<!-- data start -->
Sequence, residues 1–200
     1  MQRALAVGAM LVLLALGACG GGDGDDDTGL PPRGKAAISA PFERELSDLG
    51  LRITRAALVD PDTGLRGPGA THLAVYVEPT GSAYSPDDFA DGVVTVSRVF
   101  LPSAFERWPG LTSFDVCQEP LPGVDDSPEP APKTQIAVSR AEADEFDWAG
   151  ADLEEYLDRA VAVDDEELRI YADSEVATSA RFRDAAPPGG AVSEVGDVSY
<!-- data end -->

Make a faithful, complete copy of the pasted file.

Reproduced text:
Sequence, residues 1–200
     1  MQRALAVGAM LVLLALGACG GGDGDDDTGL PPRGKAAISA PFERELSDLG
    51  LRITRAALVD PDTGLRGPGA THLAVYVEPT GSAYSPDDFA DGVVTVSRVF
   101  LPSAFERWPG LTSFDVCQEP LPGVDDSPEP APKTQIAVSR AEADEFDWAG
   151  ADLEEYLDRA VAVDDEELRI YADSEVATSA RFRDAAPPGG AVSEVGDVSY